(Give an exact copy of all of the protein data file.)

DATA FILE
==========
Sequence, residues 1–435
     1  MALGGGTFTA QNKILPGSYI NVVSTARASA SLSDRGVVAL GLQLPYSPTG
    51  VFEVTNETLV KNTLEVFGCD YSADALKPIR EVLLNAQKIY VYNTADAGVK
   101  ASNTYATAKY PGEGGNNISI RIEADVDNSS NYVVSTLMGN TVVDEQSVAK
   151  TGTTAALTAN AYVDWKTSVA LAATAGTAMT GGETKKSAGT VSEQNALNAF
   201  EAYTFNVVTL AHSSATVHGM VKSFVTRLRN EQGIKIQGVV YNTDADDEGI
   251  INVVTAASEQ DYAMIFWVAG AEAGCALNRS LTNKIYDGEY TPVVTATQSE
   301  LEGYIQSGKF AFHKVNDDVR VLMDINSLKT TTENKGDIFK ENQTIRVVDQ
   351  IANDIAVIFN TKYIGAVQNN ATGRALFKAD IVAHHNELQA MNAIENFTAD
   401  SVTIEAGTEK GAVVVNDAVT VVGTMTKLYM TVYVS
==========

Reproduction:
Sequence, residues 1–435
     1  MALGGGTFTA QNKILPGSYI NVVSTARASA SLSDRGVVAL GLQLPYSPTG
    51  VFEVTNETLV KNTLEVFGCD YSADALKPIR EVLLNAQKIY VYNTADAGVK
   101  ASNTYATAKY PGEGGNNISI RIEADVDNSS NYVVSTLMGN TVVDEQSVAK
   151  TGTTAALTAN AYVDWKTSVA LAATAGTAMT GGETKKSAGT VSEQNALNAF
   201  EAYTFNVVTL AHSSATVHGM VKSFVTRLRN EQGIKIQGVV YNTDADDEGI
   251  INVVTAASEQ DYAMIFWVAG AEAGCALNRS LTNKIYDGEY TPVVTATQSE
   301  LEGYIQSGKF AFHKVNDDVR VLMDINSLKT TTENKGDIFK ENQTIRVVDQ
   351  IANDIAVIFN TKYIGAVQNN ATGRALFKAD IVAHHNELQA MNAIENFTAD
   401  SVTIEAGTEK GAVVVNDAVT VVGTMTKLYM TVYVS